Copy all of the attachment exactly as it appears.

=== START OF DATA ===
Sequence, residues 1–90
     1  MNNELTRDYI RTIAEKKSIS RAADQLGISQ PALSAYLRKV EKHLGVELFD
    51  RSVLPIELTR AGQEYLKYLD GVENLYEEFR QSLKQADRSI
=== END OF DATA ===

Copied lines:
Sequence, residues 1–90
     1  MNNELTRDYI RTIAEKKSIS RAADQLGISQ PALSAYLRKV EKHLGVELFD
    51  RSVLPIELTR AGQEYLKYLD GVENLYEEFR QSLKQADRSI